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Losing My Vote

I didn’t vote yesterday -and not for lack of effort. After visits to two polling stations, telephone calls to the Boston and Cambridge Voting Commissions, and pleas to an Election Warden, I gave up. Somehow, in my move from Cambridge to Soldiers Field Park, I was dropped from the

Cambridge voting list and never added to one in Boston.

The women working the polling station in Cambridge were willing to let me try to cast a written-in ballot that, if needed, would then be verified to make sure that I was registered. They were trying to make me feel better -like my vote would count. I knew that it wouldn’t. I was a poll worker in 2000 in New York City and remember trying to make the people who were “losing their vote” feel better. At the time, I was shocked that some people would leave my polling station in midtown, go downtown to see a judge (who is available on election days to allow provisional voting overrides in questionable situations such as mine) and return to cast their vote. I remember seeing the dejected faces of those who didn’t have time to contest their situations. They left my polling station as I left the one in Cambridge yesterday -sulking and a bit bewildered.

I’ve had the opportunity to see local elections in rural Mexico and national elections in South Africa. I was in shock as I watched a mayoral vote in the town of 4,000 in Oaxaca, Mexico, where I was living in the summer of 1992. No one was willing to vote against the PRI-supported candidate (the ruling party at that time). Town residents told me that their votes would not be counted, so they wouldn’t bother voting. In 1999, I was in South Africa during the second ever full democratic election. That day I watched lines wrap around blocks as people waited diligently to vote.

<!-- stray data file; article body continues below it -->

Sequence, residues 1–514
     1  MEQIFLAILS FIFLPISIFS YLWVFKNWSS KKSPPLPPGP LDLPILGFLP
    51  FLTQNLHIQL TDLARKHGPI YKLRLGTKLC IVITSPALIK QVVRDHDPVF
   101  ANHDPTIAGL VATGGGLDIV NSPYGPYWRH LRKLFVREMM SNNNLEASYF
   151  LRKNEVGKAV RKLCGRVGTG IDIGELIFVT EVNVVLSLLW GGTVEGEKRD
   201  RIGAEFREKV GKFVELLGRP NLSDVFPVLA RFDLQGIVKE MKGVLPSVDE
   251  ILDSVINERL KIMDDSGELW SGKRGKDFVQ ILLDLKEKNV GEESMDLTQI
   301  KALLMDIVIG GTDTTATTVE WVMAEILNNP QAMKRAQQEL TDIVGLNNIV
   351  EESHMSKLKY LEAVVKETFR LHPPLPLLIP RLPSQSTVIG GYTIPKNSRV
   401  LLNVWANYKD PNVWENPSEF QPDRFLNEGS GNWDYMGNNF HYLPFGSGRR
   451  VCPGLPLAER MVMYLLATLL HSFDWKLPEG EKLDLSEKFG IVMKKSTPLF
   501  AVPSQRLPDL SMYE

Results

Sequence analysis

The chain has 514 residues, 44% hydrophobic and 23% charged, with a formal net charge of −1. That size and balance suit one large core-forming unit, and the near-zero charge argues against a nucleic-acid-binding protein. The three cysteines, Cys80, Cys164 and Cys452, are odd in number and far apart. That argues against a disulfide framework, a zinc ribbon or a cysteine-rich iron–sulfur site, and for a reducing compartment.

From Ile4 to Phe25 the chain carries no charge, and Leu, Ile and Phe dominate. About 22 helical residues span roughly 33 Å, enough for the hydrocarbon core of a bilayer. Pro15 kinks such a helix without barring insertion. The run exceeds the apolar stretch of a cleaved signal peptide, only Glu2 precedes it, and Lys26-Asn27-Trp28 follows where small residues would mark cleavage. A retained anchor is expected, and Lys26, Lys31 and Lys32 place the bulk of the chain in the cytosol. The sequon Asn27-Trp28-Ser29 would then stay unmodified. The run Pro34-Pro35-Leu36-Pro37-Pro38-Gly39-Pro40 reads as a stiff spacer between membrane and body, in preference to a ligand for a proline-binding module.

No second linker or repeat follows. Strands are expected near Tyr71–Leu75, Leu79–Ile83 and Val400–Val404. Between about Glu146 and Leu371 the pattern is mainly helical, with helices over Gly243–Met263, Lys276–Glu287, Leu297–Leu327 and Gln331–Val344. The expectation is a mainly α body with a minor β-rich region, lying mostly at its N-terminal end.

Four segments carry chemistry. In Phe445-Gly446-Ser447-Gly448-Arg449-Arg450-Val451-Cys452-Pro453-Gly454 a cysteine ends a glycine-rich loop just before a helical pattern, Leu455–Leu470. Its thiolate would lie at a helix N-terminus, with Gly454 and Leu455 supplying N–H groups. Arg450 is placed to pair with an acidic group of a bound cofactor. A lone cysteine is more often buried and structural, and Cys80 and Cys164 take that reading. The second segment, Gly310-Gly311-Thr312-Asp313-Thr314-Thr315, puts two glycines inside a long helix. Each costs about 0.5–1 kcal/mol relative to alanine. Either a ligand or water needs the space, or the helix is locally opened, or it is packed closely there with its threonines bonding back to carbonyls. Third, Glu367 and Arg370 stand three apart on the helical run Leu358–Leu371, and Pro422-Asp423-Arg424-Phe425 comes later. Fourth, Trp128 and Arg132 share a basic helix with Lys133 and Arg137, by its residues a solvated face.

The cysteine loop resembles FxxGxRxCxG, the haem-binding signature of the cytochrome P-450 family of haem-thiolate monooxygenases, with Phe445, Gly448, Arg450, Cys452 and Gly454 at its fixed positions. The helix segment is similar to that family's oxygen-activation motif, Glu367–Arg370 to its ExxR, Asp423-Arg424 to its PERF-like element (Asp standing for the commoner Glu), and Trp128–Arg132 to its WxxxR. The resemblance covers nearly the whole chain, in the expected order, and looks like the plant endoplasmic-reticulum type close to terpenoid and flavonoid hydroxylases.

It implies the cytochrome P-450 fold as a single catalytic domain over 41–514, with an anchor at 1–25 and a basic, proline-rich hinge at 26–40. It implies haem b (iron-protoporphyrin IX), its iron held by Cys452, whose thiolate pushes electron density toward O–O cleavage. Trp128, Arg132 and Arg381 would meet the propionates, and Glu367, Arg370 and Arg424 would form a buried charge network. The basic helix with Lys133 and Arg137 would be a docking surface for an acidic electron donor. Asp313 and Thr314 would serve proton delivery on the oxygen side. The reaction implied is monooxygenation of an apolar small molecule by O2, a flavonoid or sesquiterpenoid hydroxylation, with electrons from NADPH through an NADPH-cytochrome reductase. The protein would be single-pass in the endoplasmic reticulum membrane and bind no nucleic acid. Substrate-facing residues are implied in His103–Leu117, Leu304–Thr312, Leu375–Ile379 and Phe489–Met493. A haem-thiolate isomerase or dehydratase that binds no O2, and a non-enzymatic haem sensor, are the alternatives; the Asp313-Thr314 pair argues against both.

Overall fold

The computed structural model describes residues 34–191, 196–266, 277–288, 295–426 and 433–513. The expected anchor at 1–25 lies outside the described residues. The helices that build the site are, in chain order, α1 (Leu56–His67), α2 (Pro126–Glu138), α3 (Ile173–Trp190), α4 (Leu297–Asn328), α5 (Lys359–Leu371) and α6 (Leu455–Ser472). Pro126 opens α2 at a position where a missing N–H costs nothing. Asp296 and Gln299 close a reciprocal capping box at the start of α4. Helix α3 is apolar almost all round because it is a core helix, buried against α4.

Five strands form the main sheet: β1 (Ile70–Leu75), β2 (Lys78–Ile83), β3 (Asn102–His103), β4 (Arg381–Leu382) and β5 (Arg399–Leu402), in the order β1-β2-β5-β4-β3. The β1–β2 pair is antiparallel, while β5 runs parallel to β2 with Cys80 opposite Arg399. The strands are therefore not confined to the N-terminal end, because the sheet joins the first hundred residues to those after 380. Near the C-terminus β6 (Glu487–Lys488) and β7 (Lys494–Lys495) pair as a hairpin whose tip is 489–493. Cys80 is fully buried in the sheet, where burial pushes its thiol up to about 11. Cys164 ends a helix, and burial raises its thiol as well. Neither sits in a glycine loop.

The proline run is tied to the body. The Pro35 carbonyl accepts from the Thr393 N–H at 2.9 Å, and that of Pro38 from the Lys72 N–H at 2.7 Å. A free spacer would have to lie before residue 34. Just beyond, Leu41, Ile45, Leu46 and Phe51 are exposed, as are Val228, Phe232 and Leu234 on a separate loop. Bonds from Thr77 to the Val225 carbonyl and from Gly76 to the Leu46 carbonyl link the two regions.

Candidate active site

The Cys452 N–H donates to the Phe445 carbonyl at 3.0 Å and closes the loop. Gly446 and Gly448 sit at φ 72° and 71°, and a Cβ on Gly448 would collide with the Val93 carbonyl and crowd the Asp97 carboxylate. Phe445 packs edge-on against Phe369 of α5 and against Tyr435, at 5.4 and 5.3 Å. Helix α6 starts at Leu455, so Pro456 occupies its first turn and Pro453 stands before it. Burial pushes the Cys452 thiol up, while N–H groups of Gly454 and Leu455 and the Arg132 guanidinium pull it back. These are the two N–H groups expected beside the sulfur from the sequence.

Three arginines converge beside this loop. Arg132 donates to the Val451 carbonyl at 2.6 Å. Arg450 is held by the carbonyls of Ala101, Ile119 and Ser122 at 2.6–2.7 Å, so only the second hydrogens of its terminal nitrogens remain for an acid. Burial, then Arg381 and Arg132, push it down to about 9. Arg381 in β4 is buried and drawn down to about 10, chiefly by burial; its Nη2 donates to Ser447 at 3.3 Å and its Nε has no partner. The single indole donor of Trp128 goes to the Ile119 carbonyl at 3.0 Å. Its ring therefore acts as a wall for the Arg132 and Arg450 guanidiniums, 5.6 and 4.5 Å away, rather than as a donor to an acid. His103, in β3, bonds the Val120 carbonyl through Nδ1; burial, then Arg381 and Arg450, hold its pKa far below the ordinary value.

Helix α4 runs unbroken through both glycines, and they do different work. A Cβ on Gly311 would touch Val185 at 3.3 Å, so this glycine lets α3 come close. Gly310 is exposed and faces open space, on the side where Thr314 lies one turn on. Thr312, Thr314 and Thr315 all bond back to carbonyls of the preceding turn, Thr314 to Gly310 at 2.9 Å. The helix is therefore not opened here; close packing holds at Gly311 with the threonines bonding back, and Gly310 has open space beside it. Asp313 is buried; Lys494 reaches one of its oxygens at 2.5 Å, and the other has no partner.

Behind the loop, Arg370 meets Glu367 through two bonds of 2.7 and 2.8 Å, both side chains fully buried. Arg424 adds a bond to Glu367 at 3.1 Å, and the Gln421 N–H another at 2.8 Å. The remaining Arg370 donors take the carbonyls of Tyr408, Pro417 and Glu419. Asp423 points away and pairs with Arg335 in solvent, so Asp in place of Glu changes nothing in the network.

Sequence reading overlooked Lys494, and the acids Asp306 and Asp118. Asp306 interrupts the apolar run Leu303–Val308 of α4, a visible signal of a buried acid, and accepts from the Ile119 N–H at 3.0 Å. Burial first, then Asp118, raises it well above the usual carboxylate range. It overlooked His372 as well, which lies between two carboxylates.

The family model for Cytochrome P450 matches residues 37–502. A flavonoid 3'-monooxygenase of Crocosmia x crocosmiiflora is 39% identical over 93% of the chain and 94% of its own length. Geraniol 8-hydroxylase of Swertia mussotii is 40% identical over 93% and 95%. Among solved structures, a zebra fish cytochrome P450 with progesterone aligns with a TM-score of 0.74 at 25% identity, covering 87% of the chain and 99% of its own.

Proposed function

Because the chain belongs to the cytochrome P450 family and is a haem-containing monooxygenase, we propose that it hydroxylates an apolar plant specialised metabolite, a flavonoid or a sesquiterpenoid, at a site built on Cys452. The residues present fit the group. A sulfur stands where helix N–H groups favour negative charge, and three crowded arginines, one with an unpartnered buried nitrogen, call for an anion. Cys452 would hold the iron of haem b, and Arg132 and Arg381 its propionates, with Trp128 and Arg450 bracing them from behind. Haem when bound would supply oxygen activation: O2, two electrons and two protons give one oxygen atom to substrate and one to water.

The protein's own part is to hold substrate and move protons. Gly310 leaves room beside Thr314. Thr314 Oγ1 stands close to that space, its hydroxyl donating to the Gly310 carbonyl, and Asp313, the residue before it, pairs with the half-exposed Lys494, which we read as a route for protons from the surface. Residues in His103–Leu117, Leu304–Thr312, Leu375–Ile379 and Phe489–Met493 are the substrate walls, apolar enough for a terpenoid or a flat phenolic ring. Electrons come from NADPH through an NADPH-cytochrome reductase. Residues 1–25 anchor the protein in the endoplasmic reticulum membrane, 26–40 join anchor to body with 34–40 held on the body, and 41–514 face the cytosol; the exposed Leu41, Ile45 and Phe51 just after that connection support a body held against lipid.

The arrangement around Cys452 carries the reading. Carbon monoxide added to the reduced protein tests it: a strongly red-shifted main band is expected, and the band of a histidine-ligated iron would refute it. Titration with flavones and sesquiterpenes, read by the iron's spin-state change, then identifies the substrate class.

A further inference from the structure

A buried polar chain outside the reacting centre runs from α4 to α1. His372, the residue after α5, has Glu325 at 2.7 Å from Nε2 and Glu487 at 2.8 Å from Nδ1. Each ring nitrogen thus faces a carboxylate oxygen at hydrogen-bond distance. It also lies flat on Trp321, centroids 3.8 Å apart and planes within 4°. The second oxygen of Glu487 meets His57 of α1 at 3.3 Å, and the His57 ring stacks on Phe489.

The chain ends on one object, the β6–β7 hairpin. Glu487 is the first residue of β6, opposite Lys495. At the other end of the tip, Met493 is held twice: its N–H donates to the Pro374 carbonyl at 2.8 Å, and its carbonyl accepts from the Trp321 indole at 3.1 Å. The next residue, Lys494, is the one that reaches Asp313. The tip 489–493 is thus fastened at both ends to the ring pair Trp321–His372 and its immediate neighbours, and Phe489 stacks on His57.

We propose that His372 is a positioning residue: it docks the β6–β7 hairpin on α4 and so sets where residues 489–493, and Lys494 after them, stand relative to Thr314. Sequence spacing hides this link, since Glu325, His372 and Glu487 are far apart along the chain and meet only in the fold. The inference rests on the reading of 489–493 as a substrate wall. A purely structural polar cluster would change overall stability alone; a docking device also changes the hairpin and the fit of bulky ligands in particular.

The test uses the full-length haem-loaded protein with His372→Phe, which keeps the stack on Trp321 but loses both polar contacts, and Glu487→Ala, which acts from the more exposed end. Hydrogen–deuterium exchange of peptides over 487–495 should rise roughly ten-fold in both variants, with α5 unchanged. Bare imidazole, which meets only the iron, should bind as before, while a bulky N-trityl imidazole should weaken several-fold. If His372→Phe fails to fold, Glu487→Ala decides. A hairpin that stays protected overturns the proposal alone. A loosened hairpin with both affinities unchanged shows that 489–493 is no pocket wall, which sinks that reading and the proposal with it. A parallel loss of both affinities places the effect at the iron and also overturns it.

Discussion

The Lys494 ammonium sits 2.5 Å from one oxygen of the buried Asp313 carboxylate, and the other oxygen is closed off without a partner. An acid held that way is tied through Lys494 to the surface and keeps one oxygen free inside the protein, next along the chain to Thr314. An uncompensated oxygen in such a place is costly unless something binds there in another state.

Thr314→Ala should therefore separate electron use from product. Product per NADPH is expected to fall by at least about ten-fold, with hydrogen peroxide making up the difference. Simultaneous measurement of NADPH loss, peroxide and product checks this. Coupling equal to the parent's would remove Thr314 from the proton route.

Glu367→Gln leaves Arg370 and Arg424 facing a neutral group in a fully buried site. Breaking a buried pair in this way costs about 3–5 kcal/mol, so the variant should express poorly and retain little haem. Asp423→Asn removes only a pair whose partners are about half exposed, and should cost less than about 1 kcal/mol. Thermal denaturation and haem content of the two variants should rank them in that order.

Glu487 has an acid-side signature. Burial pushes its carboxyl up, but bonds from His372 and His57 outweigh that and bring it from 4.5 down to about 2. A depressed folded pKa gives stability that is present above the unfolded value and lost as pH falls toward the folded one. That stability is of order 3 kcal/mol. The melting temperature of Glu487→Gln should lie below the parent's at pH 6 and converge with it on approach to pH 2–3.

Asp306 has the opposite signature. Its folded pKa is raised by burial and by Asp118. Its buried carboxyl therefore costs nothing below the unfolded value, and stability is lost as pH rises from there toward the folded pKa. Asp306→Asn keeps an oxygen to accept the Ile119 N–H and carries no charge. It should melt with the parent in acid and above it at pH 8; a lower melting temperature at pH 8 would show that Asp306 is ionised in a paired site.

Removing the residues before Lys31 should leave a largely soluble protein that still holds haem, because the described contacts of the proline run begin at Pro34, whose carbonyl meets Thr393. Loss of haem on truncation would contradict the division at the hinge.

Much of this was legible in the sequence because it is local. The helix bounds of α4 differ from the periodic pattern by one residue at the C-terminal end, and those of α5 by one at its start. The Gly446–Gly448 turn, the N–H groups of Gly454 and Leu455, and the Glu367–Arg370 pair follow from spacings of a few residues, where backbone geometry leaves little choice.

I was surprisingly upset about not being able to vote. Voting is a right for which I am deeply thankful. When my mother and father were born, black Americans were still not given the right to vote in every part of this country. My parents would be in their twenties before the Voting Rights Acts were passed. My grandfather, who was born in 1913 in the citrus fields of Florida often told me of the crushing oppression of growing up in the racist south. He ran away to Pennsylvania when he was 12 years old, never to return to Florida until he was in his 60s and driving a motor home. Yesterday, my older sister, Dawn McCoy, was elected to the Sacramento City Unified School Board in California. This has been her first campaign for public office. I can only imagine what my grandfather would say.

When I vote, I am exercising my civic duty and giving thanks to those who died so that I can have the right to argue on the telephone about where I’ve registered and go from one polling station to the next to try to have my voice heard. It was with this mind-set that I marched onto Putnam Street with attitude.

After volunteering at a polling station in 2000, I’ve committed to be an election volunteer in every presidential election while I’m alive and able.

It is amazing to watch people from all walks of life exercise their rights.

So in 2004, you might find me at your polling station offering instructions.

November 12, 2002
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